[erlang-questions] Is there a good source for documentation on BEAM?

Richard O'Keefe ok@REDACTED
Tue May 8 03:07:13 CEST 2012

On 8/05/2012, at 7:15 AM, Thomas Lindgren wrote:
> There has been a substantial number of non-BEAM Erlang implementations already, so I'm
> not convinced detailed BEAM docs is the key property* to spread Erlang.

And how many of those non-BEAM implementations still exist?
Does GERL?  Is E2S still maintained?  How much of OTP can it handle?

> Indeed, requiring detailed docs of every change of BEAM seems likely to slow innovation down instead.

I not only *don't* believe that, I *can't* believe that.
Joe has informed us that there are TWO levels of BEAM,
one of which has been very stable, and one of which has
changed many times.

I don't even believe your claim if made about the low level
much changed "BEAM", but let's suppose it true for the sake
of argument.  If the high level of BEAM has remained pretty
stable for quite a while, how would documenting it have
slowed innovation down?

I can *prove* that the absence of documentation has definitely
slowed innovation down.  There are several of my EEPS where I
*would* have provided model implementations had I been able to.

Heck, the frames proposal was in more or less its present
shape *years* ago.  It was only last month when it finally
dawned on me that I could make measurements by constructing
my *own* micro-BEAM which I *could* understand.

> If the motive is education, I think someone interested in compilers and virtual machine architectures
> would have little trouble with BEAM as such.

I have an interest in compilers and VMs.  I worked professionally on Quintus
Prolog and the real WAM (not the one in the papers or Aït-Kaci's book).  And
trying to figure out the BEAM was such a slog that to be honest, I said to
myself "the hell with it, if they don't *WANT* me to understand the BEAM,
I'm not going to waste any more of my time trying to penetrate the obscurity".

There are three key software engineering lessons:
 - if it isn't tested, it doesn't work;
 - if it isn't documented, it doesn't work;
 - tests are one kind of documentation but not enough.

For example, at Quintus, shortly after David Warren left, a compiler bug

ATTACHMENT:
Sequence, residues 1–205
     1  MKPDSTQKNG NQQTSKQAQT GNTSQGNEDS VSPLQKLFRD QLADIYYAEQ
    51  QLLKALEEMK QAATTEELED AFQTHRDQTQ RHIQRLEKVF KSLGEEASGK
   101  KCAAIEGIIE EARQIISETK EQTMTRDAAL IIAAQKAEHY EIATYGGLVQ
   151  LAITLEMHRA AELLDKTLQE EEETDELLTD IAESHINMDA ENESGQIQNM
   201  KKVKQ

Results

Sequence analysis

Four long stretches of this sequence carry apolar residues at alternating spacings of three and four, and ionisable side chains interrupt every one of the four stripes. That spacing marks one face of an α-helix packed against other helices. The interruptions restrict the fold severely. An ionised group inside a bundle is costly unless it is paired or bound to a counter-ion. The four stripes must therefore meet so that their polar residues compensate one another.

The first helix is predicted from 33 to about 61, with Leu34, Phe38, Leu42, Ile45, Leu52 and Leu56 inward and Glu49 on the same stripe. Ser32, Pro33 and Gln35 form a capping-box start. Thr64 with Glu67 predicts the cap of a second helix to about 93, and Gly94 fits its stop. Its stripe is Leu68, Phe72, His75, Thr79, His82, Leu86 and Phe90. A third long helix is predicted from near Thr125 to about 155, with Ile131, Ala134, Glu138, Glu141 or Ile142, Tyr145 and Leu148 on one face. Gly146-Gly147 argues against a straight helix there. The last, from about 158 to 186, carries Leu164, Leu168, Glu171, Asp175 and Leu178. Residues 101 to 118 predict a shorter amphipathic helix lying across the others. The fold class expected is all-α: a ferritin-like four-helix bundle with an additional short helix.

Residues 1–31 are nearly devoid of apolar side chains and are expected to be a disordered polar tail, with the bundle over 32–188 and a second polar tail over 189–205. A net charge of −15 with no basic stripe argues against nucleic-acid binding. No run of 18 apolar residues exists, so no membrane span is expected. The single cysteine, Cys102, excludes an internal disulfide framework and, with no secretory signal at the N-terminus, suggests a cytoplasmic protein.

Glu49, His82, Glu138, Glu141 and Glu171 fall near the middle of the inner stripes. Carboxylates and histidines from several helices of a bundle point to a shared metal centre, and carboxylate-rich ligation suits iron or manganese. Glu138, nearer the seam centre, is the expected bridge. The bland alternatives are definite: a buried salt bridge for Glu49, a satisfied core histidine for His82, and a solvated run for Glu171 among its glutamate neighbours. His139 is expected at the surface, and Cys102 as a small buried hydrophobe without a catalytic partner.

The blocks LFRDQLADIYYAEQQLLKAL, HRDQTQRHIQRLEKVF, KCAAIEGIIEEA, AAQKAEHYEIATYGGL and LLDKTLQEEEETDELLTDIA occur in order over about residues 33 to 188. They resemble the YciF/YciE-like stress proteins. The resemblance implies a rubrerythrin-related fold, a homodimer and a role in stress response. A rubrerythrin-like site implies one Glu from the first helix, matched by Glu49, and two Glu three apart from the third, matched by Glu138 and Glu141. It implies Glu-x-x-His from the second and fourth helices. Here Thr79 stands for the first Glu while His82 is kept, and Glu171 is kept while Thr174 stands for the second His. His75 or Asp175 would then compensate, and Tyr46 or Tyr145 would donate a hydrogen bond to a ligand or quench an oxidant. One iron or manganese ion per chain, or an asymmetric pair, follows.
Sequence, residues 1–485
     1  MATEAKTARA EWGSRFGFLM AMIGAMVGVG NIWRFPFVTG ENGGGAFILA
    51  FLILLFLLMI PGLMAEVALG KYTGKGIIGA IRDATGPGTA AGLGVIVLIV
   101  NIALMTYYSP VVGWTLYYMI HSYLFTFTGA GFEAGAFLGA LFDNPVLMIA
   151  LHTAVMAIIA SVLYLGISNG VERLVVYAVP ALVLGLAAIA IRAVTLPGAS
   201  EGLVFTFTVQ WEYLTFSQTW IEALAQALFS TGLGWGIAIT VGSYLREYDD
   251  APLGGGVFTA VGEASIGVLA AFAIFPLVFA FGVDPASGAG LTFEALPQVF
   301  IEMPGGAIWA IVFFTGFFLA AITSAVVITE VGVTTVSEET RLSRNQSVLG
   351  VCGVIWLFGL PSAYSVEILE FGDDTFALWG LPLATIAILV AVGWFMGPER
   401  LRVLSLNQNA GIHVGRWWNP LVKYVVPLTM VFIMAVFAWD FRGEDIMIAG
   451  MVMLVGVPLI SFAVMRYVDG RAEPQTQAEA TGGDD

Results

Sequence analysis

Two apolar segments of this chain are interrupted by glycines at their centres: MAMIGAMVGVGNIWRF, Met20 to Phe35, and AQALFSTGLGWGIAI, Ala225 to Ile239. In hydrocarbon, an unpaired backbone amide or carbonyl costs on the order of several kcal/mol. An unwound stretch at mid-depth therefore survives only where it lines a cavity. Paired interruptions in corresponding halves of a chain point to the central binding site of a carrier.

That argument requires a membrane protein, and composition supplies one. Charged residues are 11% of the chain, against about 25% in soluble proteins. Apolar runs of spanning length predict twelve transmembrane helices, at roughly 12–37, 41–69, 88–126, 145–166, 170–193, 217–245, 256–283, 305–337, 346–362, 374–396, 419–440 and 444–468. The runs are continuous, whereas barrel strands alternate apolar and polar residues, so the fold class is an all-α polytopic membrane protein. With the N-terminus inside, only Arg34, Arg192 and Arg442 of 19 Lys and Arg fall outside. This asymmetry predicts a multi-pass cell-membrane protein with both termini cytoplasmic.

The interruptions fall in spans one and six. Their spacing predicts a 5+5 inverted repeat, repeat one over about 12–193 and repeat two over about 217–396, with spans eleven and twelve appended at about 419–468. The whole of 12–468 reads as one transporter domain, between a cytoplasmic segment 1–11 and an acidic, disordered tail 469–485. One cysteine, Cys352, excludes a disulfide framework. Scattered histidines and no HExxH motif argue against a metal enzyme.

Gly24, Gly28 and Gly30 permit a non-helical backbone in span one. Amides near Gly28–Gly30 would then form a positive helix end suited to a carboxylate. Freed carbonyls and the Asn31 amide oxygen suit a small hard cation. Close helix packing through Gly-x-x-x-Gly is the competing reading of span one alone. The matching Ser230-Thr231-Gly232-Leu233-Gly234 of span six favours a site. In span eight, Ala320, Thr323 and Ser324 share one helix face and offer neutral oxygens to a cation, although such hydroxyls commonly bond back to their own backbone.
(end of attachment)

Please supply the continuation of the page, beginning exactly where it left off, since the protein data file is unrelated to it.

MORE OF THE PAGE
was reported.  The whole compiler had two comments in it.  One was a
copyright notice, and the other was a commented out bit of code saying
"this doesn't work".  All variable names were either one letter or one
letter and one digit.

To fix the bug, I had to document the data structures used by the compiler,
including running lots of tests through it to make sure my documentation
was correct.  Whenever I figured out what a variable meant, I gave it a
longer name.  Once I understood the data structures, I was able to revise
them and make the compiler about 20% faster.  That was good, because the
bug turned out to be in the one part of the compiler I could never
understand.  Adding some extra code to check if the bug had happened and
deoptimise in that case increased compile time by 10%, but overall the
compiler was now faster.

I am still quite angry that the information I needed to fix that bug
properly was *KNOWN* to the author, who didn't bother writing it down.
I didn't even need to know how the thing worked; what I needed to know
was what exactly it was supposed to *do*.

> In a real sense, BEAM is just a vehicle to express compiler optimizations for a
> restricted part of ERTS (the sequential execution part, basically).

No, compiler optimisations are expressed in the executable code of the
compiler.  BEAM lets you express the *results* of such optimisations,
which is a different thing.  It's just like the Quintus compiler:  I could
figure out in that case what the *results* were, but the actual process
remained obscure.  (More precisely, what the 'invariants' were.)

The thing is, the compiler module in question was about 2 kSLOC, and it took
me two full *weeks* to figure out what the author already *knew*.  That was
not a good use of my time.

I've already spent about 4 full days equivalent trying to figure BEAM out,
and with nobody paying me to do that, it's just not worth it, especially
because somebody already KNOWS and just can't be bothered TELLING.

Yes, I'm shouting.  "We don't need it" and "you don't need it" are utterly
different propositions, and too many people in too many areas of life fail
to realise that.

> Another argument might be that BEAM should be specified in detail in order to be a suitable binary format for distribution, 
> which is essentially what the JVM instruction set has become.

I suggested many years ago that Erlang should take a leaf out of Kistler's
book (or PhD thesis).  The "Juice" system for Oberon compiled source files
to abstract syntax trees, then cleverly compressed the ASTs and used them
as the binary distribution form.  They came in smaller than .class files
and had no presuppositions about the target hardware (not even primitive
size and alignment if I recall correctly).  The cost of decompressing and
generating native code was low, to the point where it was faster to
dynamically load Juice files than their equivalent of .so/.dll files, and
the generated code actually ran faster because the code generator knew
more about the environment of the target, including existing code.  (I
don't know if the Juice runtime did cross-module inlining, but it would
have been possible.)

More information about the erlang-questions mailing list